Electronic Prescribing:

CMS Should Address Inconsistencies in Its Two Incentive Programs That Encourage the Use of Health Information Technology

GAO-11-159: Published: Feb 17, 2011. Publicly Released: Feb 17, 2011.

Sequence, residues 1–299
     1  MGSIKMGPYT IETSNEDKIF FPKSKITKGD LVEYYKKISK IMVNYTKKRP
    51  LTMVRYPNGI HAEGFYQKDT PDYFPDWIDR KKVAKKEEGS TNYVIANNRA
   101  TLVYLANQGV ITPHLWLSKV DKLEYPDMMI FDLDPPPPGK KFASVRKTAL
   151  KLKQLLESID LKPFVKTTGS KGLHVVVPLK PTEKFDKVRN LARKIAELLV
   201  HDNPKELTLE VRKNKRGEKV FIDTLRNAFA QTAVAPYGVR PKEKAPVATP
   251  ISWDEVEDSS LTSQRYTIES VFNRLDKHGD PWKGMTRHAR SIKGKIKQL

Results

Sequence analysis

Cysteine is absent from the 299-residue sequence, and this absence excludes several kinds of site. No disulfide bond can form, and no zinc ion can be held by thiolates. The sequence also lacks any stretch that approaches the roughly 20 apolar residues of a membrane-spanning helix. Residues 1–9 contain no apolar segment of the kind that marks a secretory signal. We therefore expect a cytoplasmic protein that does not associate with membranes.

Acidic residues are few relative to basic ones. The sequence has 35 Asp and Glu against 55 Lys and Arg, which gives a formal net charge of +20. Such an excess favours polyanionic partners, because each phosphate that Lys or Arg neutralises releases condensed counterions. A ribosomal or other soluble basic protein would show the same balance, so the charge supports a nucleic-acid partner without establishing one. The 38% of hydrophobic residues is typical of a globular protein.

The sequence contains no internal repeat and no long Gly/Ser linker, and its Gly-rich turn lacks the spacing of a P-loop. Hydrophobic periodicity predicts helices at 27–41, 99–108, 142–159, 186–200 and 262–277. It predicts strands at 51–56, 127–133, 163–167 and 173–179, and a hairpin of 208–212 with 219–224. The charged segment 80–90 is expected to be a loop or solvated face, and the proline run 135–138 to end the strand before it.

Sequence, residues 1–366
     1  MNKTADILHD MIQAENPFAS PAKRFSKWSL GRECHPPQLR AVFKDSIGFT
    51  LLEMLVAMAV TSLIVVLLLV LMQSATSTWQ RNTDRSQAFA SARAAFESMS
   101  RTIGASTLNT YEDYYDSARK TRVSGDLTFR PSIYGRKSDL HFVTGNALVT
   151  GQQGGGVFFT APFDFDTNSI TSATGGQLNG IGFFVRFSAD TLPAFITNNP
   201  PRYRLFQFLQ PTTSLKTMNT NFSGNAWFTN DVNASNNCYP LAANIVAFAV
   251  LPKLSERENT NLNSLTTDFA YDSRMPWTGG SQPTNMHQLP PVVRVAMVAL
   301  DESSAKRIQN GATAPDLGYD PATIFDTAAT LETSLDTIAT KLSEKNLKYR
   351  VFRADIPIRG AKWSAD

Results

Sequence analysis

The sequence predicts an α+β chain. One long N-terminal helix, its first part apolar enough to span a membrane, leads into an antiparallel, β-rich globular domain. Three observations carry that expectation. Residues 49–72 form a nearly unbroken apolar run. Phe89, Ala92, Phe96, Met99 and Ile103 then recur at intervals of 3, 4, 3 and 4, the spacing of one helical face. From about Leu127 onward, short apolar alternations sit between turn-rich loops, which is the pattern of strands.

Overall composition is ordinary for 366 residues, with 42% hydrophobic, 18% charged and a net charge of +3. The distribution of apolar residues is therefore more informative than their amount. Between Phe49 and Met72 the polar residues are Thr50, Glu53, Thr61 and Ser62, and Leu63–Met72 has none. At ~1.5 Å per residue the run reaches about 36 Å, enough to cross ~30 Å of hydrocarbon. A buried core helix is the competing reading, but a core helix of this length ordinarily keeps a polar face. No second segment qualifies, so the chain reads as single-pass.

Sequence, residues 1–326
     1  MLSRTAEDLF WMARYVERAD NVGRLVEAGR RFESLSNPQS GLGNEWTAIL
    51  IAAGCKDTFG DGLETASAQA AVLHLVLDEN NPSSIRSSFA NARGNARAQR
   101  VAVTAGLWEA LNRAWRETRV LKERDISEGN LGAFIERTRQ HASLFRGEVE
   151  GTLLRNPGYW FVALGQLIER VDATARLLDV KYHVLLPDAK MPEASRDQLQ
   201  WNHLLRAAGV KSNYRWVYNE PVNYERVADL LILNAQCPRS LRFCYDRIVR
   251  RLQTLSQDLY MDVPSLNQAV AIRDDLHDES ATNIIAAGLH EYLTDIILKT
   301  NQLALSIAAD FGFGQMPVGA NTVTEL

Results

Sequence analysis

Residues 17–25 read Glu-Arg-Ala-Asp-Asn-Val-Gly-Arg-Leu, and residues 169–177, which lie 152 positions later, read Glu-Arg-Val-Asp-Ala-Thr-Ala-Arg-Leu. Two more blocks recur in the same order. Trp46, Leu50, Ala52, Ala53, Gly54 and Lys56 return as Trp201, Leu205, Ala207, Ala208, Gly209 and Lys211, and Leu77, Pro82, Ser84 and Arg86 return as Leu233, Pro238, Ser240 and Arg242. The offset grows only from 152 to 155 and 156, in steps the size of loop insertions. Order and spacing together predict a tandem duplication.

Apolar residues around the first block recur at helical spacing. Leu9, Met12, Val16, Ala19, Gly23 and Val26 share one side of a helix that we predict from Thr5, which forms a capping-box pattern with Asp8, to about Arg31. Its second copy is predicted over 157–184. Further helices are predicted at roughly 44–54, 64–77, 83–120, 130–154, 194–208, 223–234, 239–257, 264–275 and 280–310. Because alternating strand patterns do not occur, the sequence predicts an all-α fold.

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Congress established two CMS-administered programs--the Electronic Prescribing Program and the Electronic Health Records (EHR) Program--that provide incentive payments to eligible Medicare providers who adopt and use health information technology, and penalties for those who do not. The Medicare Improvements for Patients and Providers Act of 2008 required GAO to report on the Electronic Prescribing Program. To do so, GAO examined how CMS determines which providers receive incentive payments and avoid penalties from that program and how many providers received incentive payments in 2009. Also, GAO was asked to examine how the requirements of the two programs compare. GAO reviewed relevant laws and regulations, interviewed CMS officials, and analyzed CMS data on incentive payments made for 2009, which were the most recent data available for a full year.